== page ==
Zechariah gives us one final prophecy of the Day of the Lord. He paints a picture of Jerusalem, exalted among the nations. God will fight for his people and destroy their enemies. God will show up. His rule will be clear among humans – and also in the heavens and the earth.
A few things stood out to me as I read Zechariah 14.
The Mount of Olives is where God will make his appearance to his people. The Mount of Olives is a hill east of Jerusalem. Zechariah makes it an important place for Israel. This is where God will stand “on that day.”
If you recall from our reading of Matthew, Jesus went out and sat on the Mount of Olives and told his disciples about some of the things that would happen in the future. See Matthew 24. After Jesus’ resurrection from the dead, he ascended into heaven from the Mount of Olives. You might remember the disciples asking Jesus, “Lord will you at this time restore the kingdom to Israel?” (Acts 1:6). I wonder whether the disciples had Zechariah 14 in mind as they stood there with Jesus on the Mount of Olives. After Jesus ascended into heaven, a couple of angels appeared and said, “Men of Galilee, why do you stand looking into heaven? This Jesus, who was taken up from you into heaven, will come in the same way as you saw him go into heaven” (Acts 1:11-12). Again, go back and read Matthew 24:29-31 and compare it to Zechariah 14.
Another thing that caught my attention about the last chapter of Zechariah was the cosmic nature of the coming of God. There would be no light or cold or frost. There would be “neither day nor night, but at evening time there shall be light.” I imagine there will be some other source of light – God himself as he dwells with his people. And there will be “living waters” flowing out of Jerusalem. These things fulfill numerous biblical prophecies. See Isaiah 60:19-20; Revelation 21:22-25; Joel 3:18; Ezekiel 47:1-12; and Revelation 22:1-5.
On one of Jesus’ trips to Jerusalem during his earthly ministry, he attended the Feast of Booths. This is a feast where the Israelites put up tents or temporary shelters for seven days, presumably to spend the week in them, as a reminder of how they lived after God brought them out of slavery in Egypt. The Feast of Booths is a time of thanksgiving. The people show gratitude for God for his deliverance of them, and they thank him for his providing for them year in and year out.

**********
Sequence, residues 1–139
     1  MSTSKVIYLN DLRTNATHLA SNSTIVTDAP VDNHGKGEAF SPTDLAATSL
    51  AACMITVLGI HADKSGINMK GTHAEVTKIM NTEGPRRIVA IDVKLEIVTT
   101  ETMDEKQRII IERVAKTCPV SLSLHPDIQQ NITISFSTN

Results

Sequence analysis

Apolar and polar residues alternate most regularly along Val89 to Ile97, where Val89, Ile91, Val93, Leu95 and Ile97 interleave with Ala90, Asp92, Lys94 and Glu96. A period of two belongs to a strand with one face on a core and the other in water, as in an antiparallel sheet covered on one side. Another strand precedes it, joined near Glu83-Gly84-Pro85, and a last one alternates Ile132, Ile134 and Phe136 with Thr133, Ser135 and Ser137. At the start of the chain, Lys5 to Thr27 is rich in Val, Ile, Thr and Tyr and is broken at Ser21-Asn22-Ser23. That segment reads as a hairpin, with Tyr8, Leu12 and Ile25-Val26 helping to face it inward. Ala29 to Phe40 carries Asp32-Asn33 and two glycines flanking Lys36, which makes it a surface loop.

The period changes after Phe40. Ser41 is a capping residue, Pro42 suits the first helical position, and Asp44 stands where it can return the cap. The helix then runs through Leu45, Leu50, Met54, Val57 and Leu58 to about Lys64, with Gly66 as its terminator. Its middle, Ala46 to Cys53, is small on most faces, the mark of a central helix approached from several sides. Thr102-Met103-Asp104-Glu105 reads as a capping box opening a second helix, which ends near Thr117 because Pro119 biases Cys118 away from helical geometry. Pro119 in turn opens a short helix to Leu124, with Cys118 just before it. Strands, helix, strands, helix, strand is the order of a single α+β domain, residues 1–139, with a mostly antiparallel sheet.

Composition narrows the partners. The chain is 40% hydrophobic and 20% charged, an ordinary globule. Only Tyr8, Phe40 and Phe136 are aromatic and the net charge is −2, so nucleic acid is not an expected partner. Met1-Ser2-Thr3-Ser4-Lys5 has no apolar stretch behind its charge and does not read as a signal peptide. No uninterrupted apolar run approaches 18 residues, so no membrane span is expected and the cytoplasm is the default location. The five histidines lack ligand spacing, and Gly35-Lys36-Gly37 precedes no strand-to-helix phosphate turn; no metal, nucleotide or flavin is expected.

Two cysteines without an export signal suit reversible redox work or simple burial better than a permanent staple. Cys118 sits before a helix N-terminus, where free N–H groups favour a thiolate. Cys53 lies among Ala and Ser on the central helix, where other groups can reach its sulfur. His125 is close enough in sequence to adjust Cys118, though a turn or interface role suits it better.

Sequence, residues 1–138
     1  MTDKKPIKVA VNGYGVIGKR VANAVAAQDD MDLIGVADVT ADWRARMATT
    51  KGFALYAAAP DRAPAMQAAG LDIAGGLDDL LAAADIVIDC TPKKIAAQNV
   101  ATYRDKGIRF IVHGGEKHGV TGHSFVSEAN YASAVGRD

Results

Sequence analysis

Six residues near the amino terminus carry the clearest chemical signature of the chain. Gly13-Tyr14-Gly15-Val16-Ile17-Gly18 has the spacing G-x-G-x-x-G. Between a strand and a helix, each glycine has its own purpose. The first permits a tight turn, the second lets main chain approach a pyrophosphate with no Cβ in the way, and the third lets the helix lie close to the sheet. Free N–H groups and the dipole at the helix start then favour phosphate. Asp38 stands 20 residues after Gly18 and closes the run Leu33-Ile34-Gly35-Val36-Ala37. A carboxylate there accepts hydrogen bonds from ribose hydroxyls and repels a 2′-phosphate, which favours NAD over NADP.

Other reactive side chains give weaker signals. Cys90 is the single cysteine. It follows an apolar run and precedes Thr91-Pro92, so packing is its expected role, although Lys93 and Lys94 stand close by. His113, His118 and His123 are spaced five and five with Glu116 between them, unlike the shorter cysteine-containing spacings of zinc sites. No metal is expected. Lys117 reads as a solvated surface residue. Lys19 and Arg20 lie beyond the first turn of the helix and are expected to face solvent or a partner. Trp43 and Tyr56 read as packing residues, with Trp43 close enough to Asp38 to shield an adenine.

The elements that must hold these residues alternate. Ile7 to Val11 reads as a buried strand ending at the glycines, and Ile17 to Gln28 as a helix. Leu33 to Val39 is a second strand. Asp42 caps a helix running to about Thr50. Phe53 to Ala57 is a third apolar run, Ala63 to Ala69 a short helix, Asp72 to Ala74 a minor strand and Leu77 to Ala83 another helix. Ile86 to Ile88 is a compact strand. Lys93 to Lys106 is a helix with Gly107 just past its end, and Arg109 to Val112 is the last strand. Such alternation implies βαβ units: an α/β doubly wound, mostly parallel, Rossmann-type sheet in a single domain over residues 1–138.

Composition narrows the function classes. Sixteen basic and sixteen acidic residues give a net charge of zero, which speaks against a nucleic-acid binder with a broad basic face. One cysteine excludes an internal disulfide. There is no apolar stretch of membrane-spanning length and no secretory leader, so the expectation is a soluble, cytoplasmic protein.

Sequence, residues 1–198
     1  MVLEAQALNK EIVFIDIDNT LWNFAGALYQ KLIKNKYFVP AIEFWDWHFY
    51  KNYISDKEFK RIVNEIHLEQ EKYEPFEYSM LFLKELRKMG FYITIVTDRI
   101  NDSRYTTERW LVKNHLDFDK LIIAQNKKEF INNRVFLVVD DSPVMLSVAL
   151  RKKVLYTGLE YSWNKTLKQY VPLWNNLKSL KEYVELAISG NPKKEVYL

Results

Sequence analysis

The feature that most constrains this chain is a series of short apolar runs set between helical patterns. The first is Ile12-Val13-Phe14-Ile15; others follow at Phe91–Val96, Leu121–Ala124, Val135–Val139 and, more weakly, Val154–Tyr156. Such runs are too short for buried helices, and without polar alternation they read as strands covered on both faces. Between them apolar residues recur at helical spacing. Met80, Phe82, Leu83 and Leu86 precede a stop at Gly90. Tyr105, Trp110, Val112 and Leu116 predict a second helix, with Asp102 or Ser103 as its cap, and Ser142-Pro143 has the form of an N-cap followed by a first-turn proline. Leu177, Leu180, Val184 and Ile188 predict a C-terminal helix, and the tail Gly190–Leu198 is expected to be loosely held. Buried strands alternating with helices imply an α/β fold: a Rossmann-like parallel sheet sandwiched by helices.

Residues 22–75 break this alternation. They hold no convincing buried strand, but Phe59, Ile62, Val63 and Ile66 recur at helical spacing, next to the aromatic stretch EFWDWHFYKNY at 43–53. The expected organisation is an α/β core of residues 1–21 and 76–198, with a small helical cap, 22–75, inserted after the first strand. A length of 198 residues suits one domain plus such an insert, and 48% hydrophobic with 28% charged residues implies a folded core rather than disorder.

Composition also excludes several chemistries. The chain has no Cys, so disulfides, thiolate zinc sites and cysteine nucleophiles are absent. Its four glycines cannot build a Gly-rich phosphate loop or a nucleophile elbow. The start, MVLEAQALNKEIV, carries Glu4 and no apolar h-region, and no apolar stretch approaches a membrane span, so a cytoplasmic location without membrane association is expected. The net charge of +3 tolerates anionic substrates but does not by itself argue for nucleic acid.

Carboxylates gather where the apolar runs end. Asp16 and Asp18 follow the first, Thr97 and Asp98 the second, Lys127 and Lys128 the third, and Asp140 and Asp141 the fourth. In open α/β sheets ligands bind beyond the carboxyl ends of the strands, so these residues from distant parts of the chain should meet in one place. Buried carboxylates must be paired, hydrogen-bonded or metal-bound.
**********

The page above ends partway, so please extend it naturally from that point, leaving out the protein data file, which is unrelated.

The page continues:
When Jesus attended the Feast of Booths, he stood up on the last day and said, “If anyone thirsts, let him come to me and drink. Whoever believes in me, as the Scripture has said, ‘Out of his heart will flow rivers of living water'” (John 7:37-38). I think it’s safe to say this “living water” on Jesus’ mind is the same kind of “living water” Zechariah had in mind.
Over all, the picture Zechariah paints in verses 6-8 is one of God’s light- and life-giving presence with his people.
There is more to be said about the Feast of Booths from Zechariah 14. It was one of three annual feasts where the Israelites were supposed to show up in Jerusalem for worship. And it appears the Feast of Booths is the one feast that will continue into the future for all of God’s people.
“Then everyone who survives of all the nations that have come against Jerusalem will go up year after year to worship the King, the Lord of hosts, and to keep the Feast of Booths.” Even after Jesus fully restores the kingdom of God on earth, people will celebrate the Feast of Booths.
I think about the Israelites remembering their wilderness wanderings – the time between their deliverance from slavery in Egypt and their entrance into the Promised Land, a land flowing with milk and honey. They lived all those years in tents. And once they were in the Promised Land, God made sure they took time out each year to remember that period in their history – so they never would forget their deliverance from slavery.
And I think about us as Christians. Some day we will remember our own “wilderness wanderings” – the time (now!) between our deliverance from sin and death and our entrance into the new heaven and new earth that God has promised to create. We are living all these years in our “tents.” The apostle Paul said as much, and I doubt the language he used was coincidental (2 Corinthians 5:1-10). And once Jesus returns and we enter into the new “Promised Land,” I suppose we will take time out regularly to remember this period in our history – so that we never forget our salvation.
Think about your concept of “heaven” – when everything is made right again, when we are living with God and there is no more suffering or pain. Think also about what your resurrected body (your new and eternal tent) will be like. Think about stopping every now and then – each year in heaven? – to remember these days on earth, as we lived in these “tents.”
“On that day,” what will you remember? We might remember all the ways our bodies broke down – the trips to the dentist and the aching joints. We might remember the heartache and the longing we had. Certainly, we’ll see much of what we thought was permanent was only temporary. Certainly, we’ll see the effects of sin in the form of sickness and decay. And certainly, we’ll be driven to thanksgiving. We will be free from all of that.
Think about these things today. You may find yourself getting thankful even now.
Tomorrow, we dive into the book of Esther.